Archives For Lord of the Flies

17 minutesI was researching websites for the Film and Literature class when I first heard about the “17 Minute Rule;” a rule that suggests the real plot is revealed to the audience 17 minutes into any film.  Todd Pack’s Messy Desk Blog uses a number of examples to illustrate  The 17 Minute Rule:

George Bailey tells his father he couldn’t face being cooped up the rest of his life in a shabby little office at his father’s building and loan 17 minutes into It’s a Wonderful Life.

The rest of the movie is about everything that happens that stops him from leaving Bedford Falls and drives him to consider jumping off that bridge on Christmas Eve.

  • Luke’s uncle buys the droids 17 minutes into Star Wars. The droids are what leads Luke to Obi-Wan Kenobi and Princess Leia and, ultimiately, the Death Star.
  • Buddy leaves the North Pole to find his real dad 17 minutes into Elf.
  • The shark eats the little boy on the raft 17 minutes intoJaws. It’s the second attack that forces the town to close the beach and go after the shark.
  • The Iowa farmer is thinking about plowing under the baseball field he built in his cornfield until Shoeless Joe appears 17 minutes after the credits in Field of Dreams.

This 17 minute phenomenon was corroborated on other blogs as well.  Writer and Director Nathan Marshall posted Screenplay Structure: Three Acts & Five Points Script Frenzy! blog where he also called attention to minute 17:

3) Page 17. Next time you watch a DVD, pause it 17 minutes into the film. Trust me—any film. What’s happening at that point in the story? Most likely, the essential character conflict has just been laid out. A teenage Indiana Jones runs to his father for help, but is shushed instead. Shaun convinces his girlfriend to trust him in Shaun of the Dead. Captain Renault asks Rick why he came to Casablanca. On page 17, your audience should realize what the film is really about. It’s not about finding the Holy Grail, Indy—it’s about learning to forgive dad!

The same was outlined on the  All About Screenwriting blog. In addition to explaining the rule, this post made the claim that the ratio of screenplay to minute of film is 1:1; and page 17 will be the 17th minute of a film. The site provides a basic outline for a screenplay of the average movie made today:


  • Between pages 1-5: The HOOK, something that grabs our attention and pulls us in.
  • Page 10: At this point in your script you should have the “MINI CRISIS”. The “MINI CRISIS” should lead us into…
  • Page 17: …The DILEMMA. Creation of the team and what the movie is about.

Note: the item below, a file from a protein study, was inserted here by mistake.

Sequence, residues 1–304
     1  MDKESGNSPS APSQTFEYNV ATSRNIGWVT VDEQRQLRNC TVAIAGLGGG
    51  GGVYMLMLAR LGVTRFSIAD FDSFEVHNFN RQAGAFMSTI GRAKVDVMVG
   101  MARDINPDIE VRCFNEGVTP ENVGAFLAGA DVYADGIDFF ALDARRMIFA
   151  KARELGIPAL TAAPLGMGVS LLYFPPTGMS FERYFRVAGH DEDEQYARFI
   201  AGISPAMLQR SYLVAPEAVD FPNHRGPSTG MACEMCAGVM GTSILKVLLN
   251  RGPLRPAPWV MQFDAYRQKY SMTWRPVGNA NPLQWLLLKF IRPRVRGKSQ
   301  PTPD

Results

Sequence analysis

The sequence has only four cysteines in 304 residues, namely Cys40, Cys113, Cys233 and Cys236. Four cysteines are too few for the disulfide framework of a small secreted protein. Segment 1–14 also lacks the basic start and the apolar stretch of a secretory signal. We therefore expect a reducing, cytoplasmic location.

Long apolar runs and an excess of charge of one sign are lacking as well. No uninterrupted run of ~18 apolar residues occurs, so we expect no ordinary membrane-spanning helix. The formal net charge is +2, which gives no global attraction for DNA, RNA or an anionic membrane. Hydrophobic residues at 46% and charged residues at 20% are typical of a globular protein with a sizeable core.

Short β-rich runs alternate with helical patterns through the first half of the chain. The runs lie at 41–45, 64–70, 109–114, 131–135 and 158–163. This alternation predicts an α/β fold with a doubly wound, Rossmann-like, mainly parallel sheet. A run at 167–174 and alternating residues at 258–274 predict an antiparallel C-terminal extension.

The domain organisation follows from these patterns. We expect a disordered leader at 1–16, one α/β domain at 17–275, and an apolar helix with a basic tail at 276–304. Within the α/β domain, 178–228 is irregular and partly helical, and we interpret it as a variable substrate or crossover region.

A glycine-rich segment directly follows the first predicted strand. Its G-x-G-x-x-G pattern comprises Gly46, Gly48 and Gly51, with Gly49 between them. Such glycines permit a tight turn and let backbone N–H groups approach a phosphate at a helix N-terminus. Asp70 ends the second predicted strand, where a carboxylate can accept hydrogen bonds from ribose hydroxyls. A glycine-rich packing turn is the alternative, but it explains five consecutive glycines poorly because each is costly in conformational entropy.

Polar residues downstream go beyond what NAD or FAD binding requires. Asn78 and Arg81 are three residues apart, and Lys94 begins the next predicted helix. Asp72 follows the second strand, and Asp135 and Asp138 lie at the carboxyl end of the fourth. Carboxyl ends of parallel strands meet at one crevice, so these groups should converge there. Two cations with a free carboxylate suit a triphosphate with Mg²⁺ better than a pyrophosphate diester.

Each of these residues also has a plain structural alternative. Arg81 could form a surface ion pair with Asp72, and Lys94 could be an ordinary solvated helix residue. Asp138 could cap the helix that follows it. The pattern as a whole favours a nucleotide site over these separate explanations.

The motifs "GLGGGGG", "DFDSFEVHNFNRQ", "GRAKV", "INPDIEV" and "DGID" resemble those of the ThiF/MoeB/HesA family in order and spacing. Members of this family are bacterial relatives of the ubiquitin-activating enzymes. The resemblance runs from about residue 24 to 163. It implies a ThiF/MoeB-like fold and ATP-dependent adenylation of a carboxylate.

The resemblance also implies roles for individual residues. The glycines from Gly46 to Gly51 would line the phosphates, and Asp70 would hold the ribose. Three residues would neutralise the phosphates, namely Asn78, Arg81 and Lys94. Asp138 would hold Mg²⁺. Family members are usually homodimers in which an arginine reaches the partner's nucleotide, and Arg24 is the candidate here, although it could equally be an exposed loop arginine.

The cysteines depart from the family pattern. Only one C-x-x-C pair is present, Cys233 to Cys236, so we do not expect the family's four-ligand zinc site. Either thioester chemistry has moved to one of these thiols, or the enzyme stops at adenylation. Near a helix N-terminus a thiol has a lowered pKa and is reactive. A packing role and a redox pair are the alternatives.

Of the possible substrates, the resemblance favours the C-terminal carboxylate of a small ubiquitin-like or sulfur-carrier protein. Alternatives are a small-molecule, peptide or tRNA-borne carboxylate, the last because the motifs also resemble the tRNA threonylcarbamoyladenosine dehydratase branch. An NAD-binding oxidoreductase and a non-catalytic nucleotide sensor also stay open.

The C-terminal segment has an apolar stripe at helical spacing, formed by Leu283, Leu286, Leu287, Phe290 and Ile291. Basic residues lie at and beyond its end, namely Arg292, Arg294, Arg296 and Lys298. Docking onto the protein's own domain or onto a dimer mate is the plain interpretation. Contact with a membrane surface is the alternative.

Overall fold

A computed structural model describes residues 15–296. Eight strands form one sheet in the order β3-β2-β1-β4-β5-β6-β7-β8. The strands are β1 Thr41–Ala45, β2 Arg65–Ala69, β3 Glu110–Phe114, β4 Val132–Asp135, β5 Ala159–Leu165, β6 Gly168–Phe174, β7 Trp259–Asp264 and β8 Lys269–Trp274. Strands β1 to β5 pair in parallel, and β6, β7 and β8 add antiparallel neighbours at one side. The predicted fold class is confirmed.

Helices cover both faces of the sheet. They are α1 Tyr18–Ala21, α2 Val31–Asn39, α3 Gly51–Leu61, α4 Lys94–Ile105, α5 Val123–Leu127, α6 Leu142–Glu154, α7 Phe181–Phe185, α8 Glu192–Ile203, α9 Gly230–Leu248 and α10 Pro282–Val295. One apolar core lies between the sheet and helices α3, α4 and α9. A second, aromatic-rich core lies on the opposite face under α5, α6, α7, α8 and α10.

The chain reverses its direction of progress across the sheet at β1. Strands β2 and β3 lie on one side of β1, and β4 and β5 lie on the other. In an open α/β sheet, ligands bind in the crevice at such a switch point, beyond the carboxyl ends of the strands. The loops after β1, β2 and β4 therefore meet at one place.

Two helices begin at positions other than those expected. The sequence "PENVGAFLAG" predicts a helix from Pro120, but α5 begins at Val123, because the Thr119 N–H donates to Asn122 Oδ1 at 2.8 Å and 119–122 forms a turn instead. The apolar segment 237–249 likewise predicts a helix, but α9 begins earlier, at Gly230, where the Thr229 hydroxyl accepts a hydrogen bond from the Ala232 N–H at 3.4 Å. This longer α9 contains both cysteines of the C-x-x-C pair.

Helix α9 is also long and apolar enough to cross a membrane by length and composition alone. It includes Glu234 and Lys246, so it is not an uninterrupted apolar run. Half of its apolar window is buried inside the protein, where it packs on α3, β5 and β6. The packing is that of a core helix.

• Page 30: The REACTION to the dilemma or situation.
  • Page 45: First “REVERSAL” of the 17 minute point. This point furthers the characters and pushes them deeper into the situation or the dilemma.
  • Page 60: The “TENT POLE” of the movie. Where the passive characters become active or vice versa.
  • Page 75: Second “REVERSAL” to the 17 minute point. To reaffirm what the story is about.
  • Page 90: The LOW POINT of action. The place from which our main character has to rise up from.


So when I noticed students picking up books for independent reading and discarding them after the first few pages, I wondered if they were giving the book a real chance. Could a 17 page rule apply to books student might choose to read? And, if the rule applied, would a student become more engaged once he or she reached page 17?

In a short experiment, I grabbed three books off the top of the book cart, and noted the following:

The Hobbit (The Dwarves and Gandalf invade Bilbo’s home)

“The poor little hobbit sat down in the hall and put his head in his hands, and wondered what had happened, and what was going to happen, and whether they would all stay to supper. Then the bell rang again louder than ever, and he had to run to the door.”

Little Women -Marmee gives  Meg, Jo, Beth, and Amy their Christmas gifts with her words of encouragement to survive the difficulties of life.

‘We never are too old for this, my dear, because it is a play we are playing all the time in one way or another.Out burdens are here, our road is before us, and the longing for goodness and happiness is the guide that leads us through many troubles and mistakes to the peace which is a true Celestial City. Now, my little pilgrims, suppose you begin again, not in play, but in earnest, and see how far on you can get before Father comes home.’”